All experiments handling human cells and tissues were performed in line with the Tenets of the Declaration of Helsinki. Human cells in this study were performed in full compliance with the Ethical Guidelines for Clinical Studies (Ministry of Health, Labor, and Welfare, Japan). The cells were banked after approval of the Institutional Review Board at the National Institute of Biomedical Innovation (May 9, 2006). All experiments handling animals were performed in line with Fundamental Guidelines for Proper Conduct of Animal Experiment and Related Activities in Academic Research Institutions (Ministry of Education, Culture, Sports, Science and Technology, Notice No. 71, 2006). Animal experiments were performed according to protocols approved by the Institutional Animal Care and Use Committee of the National Research Institute for Child Health and Development.
Viral vector construction and viral transduction
Construction of the lentiviral vector plasmids CSII-CMV-Tet-Off, CSII-TRE-Tight-cyclin D1, and CSII-TRE-Tight-CDK4R24C was previously described20. In brief, the EF1a promoter in CSII-EF-RfA was replaced with a tetracycline-inducible promoter, TRE-Tight, from pTRE-Tight (Clontech, Mountain View, CA) to generate CSII-TRE-Tight-RfA. Human cyclin D1, human mutant CDK4 (CDK4R24C: an INK4a-resistant form of CDK4), and TERT were inserted into the entry vector via a BP reaction (Invitrogen, Carlsbad, CA). These segments were then recombined with CSII-TRE-Tight-RfA through an LR reaction (Invitrogen) to generate CSII-TRE-Tight-cyclin D1, CSII-TRE-Tight-CDK4R24C, and CSII-TRE-Tight-TERT. The rtTA segment from pTet-Off Advanced (Clontech) was amplified by PCR, recombined with the donor vector pDONR221 via a BP reaction (Invitrogen) to generate pENTR221-Tet-Off, and then recombined with a lentiviral vector, CSII-CMV-RfA, through an LR reaction (Invitrogen) to generate CSII-CMV-Tet-Off. Recombinant lentiviruses with vesicular stomatitis virus G glycoprotein were produced as described previously21. Primary hepatocytes were inoculated with CSII-CMV-TERT, CSII-CMV-Tet-Off, CSII-TRE-Tight-cyclin D1 and CSII-TRE-Tight-CDK4R24C lentiviruses at the multiplicity of infection of 3 to 10 in the presence of 4 µg/mL of polybrene.
The cells were isolated from a liver of 4-year-old girl with biliary atresia (Hep2018) after liver transplantation. Informed consent was obtained from the parent of the patient. The hepatocytes were isolated according to the collagenase perfusion method, as described elsewhere1. The samples were minced into small pieces, washed with HEPES buffer (pH 7.7; 140 mM NaCl/2.68 mM KCl/0.2 mM Na2HPO4/10 mM Hepes), and digested with 0.5 mg/mL collagenase/DMEM (Boehringer Mannheim) diluted in the same buffer supplemented with 0.075% CaCl2 under gentle stirring at 37 °C. The cell suspension was washed twice in Hepes buffer and resuspended in an HCM BulletKit medium (cat. CC-3198, LONZA) supplemented with 10% FBS, hEGF, transferrin, hydrocortisone, BSA, ascorbic acid, insulin, Fungizone, 100 units/ml penicillin, 100 μg/ml streptomycin, 5 μg/ml insulin, and 5 × 10–7 M hydrocortisone hemisuccinate. Cell suspensions containing 2.2 × 106 cells per vial were frozen once for future use. The frozen cells were later thawed and seeded on four 35-mm dishes (BD Falcon 6-well plate) with feeder cells of irradiated human bile duct mesenchymal cells in the ESTEM-MN medium (GlycoTechnica Ltd.) [modified F-medium (DMEM:F12(1:3), 5% FBS, 8.4 ng/ml Cholera Toxin, 30.5 μg/ul Adenine HCl, 10 ng/ml EGF, 0.4 μg/ml Hydrocortisone, 5 μg/ml human insulin, 1% Pen/Strep)] supplemented with 10 μM Y-27632 and 5% conditioned media containing Wnt3a and RSpo1. Y-27632 was supplemented in each passage. Twenty days after plating, several colonies appeared, and nine colonies with hepatocyte-like morphology was picked up by using stainless cloning cylinder with trypsin. The isolated cells were re-plated on a 35-mm dish without any coating feeder layer, and one of them (clone #9) was inoculated with recombinant lentiviruses constitutively expressing TERT and conditionally expressing Cyclin D1 and mutant CDK4 on the same day20. Cells proliferated constantly after infection, and were frozen at passage 3. These cells were maintained in the ESTEM-EP medium, and the medium was renewed every 2 or 3 days, and were passaged every 1 week (1/5 dilution) by trypsinization. The established cells were designated as HepaMN cells. HepaMN cells were passaged every 1 week (1/5 dilution) by trypsinization. HepaMN cells were maintained for 1 weeks in the ESTEM-MN medium (GlycoTechnica Ltd.) at 37℃ in 5% CO2, and the ESTEM-MN medium was renewed every 2 or 3 days.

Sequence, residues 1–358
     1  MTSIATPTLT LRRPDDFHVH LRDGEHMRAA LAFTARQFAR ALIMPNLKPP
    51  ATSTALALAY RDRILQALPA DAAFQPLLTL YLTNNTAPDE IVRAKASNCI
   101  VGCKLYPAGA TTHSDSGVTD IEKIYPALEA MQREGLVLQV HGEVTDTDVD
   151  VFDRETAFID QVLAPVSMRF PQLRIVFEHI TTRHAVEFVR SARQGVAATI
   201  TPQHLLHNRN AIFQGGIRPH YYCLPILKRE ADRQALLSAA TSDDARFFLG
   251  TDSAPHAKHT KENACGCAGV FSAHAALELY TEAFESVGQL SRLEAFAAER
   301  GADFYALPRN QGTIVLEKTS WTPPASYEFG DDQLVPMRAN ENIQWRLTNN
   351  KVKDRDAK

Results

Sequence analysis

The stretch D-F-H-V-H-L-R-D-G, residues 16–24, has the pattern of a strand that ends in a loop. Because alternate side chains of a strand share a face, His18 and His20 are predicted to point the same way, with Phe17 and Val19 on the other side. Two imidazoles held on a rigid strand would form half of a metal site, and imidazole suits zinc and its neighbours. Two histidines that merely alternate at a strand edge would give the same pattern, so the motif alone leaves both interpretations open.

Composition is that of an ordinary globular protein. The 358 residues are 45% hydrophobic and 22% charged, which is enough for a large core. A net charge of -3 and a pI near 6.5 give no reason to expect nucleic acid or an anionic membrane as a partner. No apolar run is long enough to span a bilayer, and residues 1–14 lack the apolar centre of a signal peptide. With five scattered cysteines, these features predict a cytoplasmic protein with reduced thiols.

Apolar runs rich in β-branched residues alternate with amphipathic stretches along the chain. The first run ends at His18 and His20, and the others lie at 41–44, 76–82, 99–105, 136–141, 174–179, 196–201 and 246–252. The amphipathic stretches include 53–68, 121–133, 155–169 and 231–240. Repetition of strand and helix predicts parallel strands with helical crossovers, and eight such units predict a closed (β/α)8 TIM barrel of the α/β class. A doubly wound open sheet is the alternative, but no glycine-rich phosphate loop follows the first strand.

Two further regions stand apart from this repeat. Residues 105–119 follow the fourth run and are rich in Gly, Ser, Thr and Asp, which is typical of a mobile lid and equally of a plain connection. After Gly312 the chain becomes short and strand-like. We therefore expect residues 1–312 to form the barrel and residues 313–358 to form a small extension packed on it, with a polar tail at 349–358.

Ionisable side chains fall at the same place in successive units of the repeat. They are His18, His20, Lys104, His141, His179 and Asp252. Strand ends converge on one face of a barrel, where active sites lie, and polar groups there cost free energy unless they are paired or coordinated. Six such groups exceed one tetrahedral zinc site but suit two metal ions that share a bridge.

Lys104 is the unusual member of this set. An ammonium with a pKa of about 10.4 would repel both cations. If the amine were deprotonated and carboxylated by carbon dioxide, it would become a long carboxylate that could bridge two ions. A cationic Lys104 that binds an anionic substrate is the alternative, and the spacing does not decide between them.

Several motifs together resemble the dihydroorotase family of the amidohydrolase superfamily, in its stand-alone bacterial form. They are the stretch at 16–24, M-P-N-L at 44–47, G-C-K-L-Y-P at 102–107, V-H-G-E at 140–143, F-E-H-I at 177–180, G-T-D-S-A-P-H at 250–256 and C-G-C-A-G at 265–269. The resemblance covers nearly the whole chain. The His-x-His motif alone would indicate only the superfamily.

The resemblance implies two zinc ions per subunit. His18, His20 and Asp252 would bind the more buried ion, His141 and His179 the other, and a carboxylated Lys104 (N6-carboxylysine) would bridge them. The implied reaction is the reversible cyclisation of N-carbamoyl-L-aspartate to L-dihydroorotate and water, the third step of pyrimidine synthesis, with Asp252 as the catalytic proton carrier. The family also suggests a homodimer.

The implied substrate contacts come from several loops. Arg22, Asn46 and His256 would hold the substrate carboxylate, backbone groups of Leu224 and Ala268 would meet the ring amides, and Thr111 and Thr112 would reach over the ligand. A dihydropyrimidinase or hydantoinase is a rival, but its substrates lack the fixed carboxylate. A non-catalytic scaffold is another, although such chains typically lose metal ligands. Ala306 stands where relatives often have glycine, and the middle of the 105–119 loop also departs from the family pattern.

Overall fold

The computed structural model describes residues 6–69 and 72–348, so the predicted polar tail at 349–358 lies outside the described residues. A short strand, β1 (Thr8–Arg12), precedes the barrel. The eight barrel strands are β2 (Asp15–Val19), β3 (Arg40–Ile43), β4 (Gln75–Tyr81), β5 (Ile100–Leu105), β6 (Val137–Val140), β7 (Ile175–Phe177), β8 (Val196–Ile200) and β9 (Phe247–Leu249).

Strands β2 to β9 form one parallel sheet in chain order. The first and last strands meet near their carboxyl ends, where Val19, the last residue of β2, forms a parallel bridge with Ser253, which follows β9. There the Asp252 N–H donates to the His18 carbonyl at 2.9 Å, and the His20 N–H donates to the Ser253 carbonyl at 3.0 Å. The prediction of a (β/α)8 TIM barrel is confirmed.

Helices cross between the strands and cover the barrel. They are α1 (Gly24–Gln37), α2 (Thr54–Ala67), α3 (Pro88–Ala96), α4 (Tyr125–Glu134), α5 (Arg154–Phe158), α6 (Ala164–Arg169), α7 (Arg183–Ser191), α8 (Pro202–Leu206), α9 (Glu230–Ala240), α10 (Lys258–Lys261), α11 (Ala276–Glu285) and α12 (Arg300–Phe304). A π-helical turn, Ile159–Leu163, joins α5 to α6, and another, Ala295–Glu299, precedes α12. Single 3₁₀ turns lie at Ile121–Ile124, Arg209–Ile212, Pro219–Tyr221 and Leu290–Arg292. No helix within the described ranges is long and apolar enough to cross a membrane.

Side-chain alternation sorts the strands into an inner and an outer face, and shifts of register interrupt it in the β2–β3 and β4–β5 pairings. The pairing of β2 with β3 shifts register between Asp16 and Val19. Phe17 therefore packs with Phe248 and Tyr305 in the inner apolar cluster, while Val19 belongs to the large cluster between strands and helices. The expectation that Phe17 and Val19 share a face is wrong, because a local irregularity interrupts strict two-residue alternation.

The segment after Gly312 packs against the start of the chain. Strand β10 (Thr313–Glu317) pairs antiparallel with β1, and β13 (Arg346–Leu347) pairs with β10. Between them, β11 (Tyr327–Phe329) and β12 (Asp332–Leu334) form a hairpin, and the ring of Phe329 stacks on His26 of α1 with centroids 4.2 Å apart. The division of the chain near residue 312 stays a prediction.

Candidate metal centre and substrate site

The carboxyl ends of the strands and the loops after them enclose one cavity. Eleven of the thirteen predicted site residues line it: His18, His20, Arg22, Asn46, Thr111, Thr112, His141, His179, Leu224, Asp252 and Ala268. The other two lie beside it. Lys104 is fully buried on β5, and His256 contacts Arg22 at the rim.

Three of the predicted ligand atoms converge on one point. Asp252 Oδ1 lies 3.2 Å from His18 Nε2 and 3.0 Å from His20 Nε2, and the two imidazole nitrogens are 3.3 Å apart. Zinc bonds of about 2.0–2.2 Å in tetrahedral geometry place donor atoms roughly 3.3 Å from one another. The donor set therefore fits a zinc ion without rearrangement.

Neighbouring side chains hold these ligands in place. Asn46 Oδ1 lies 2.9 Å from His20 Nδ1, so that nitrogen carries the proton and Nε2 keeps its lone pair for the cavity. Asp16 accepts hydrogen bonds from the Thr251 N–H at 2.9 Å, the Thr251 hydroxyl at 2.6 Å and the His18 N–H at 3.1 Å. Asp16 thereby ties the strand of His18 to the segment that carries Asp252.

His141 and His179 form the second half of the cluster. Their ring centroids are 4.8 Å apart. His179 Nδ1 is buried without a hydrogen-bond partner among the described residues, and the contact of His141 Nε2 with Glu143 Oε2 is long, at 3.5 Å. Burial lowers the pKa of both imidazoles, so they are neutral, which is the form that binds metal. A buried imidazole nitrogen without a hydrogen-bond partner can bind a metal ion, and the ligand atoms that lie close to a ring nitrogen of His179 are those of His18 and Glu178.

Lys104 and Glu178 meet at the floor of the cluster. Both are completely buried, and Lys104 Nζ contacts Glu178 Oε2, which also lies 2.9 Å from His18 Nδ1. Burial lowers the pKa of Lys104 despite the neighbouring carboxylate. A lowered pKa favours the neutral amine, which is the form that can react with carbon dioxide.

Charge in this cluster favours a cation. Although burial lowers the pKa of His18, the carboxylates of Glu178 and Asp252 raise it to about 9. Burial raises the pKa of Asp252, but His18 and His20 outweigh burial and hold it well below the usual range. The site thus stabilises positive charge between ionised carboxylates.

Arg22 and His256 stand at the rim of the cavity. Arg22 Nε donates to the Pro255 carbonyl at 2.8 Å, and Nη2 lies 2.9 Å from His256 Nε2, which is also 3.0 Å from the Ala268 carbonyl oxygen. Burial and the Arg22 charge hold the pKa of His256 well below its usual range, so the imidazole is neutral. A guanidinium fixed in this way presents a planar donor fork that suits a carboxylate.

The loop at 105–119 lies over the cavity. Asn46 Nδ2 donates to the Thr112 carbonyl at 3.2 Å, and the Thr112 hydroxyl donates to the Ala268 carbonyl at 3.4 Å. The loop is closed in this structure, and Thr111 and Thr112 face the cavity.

Calculation of population doublings
Primary hepatocytes and HepaMN cells were seeded at 0.8 to 1.0 × 106 cells/well in a 100-mm dish. When the cells reached subconfluency, both primary cells and HepaMN cells were harvested and the total number of cells in each well was determined using the cell counter. Population doubling (PD) was used as the measure of the cell growth rate. PD was calculated from the formula PD 1/4 log2 (A/B), where A is the number of harvested cells and B is the number of plated cells.